Definitions from Black's Law Dictionary: 2nd Edition and Ballentine's Law Dictionary as are available for each term in each dictionary.
  • Ballentine's Law Dictionary

    A statutory embodiment of all the law pertaining to the subject or subjects included.

  • Black's Law Dictionary: 2nd Edition

    A collection or compendium of laws. A complete system of positive law, scientifically arranged, and promulgated by legislative authority. Johnson v. Harrison, 47 Minn. 575, 50 N. W. 923, 28 Am. St. Rep. 382; Railroad Co. v. State, 104 Ga. 831, 31 S. E. 531, 42 L. R. A. 518; Rallroad Co., v. Weiner, 49 Miss. 739. The collection of laws and constitutions made by order of the Emperor Justinian la distinguished by the appellation of "The Code," by way of eminence. See Code ox Justinian. A body of law established by the legislative authority, and intended to set forth, in generalized and systematic form, the principles of the entire law, whether written or unwritten, positive or customary, derived from enactment or from precedent. Abbott. A code is to be distinguished from a digest. The subject-matter of the latter is usually reported decisions of the courts. But there are also digests of statutes. These consist of an orderly collection and classification of the existing statutes of a state or nation, whlle a code is promulgated as one new law covering the whole field of jurisprudence.
    —Code civil. The code which embodies the civil law of France. Framed in the first instance by a commission of jurists appointed in 1800. This code, after having passed both the tribunate and the legislative body, was promulgated in 1804 as the "Code Civil des Frangais." When Napoleon became emperor, the name was changed to that of "Code Napoleon," by which it is still often designated, though it is now officially styled by its original name of "Code Civil."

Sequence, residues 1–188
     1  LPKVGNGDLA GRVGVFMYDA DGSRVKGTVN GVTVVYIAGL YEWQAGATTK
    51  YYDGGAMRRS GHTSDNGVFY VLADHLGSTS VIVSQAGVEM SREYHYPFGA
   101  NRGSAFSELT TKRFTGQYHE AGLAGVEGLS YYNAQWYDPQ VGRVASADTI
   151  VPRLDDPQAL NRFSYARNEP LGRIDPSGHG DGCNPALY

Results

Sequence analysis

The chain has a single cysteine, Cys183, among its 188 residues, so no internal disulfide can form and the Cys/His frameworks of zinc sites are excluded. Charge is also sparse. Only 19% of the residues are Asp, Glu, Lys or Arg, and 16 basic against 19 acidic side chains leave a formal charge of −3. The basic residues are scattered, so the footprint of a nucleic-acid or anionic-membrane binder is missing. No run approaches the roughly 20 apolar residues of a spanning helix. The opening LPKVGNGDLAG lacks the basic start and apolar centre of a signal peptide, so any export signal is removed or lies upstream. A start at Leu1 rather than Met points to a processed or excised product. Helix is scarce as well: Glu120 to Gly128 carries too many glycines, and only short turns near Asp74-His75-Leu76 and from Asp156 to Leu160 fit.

—Code de commerce. A French code, enacted in 1807, as a supplement to the Code Napoleon, regulating commercial transactions, the laws of business, bankruptcies, and the jurisdiction and procedure of the courts dealing with these subjects.
    —Code de procedure civil. That part of the Code Napoleon which regulates the system of courts, their organization, civil procedure, special and extraordinary remedies, and the execution of judgments.
    — Code d'instructiou criminelle. A French code, enacted in 1808, regulating criminal procedure.
    —Code Napoleon. See Code Civil.
    — Code noir. Fr. The black code. A body of laws which formerly regulated the institution of slavery in the French colonies.
    —Code of Justinian. The Code of Justinian (Codex Jus-tinianeua) was a collection of imperial constitutions, compiled, by order of that emperor, by a commission of ten jurists, including Tribonian, and promulgated A. D. 529. It comprised twelve books, and was the first of the four compilations of law which make up the Corpus Juris Cixnhs. This name is often met in a connection indicating that the entire Corpus Juris Civilis is intended, or, sometimes, the Digest; but its use should be confined to the Codex.
    — Code penal. The penal or criminal code of France, enacted in 1810.-
    —Codification. The process of collecting and arranging the laws of a country or state into a code, i. e., into a complete system of positive law, scientifically ordered, and promulgated by legislative authority.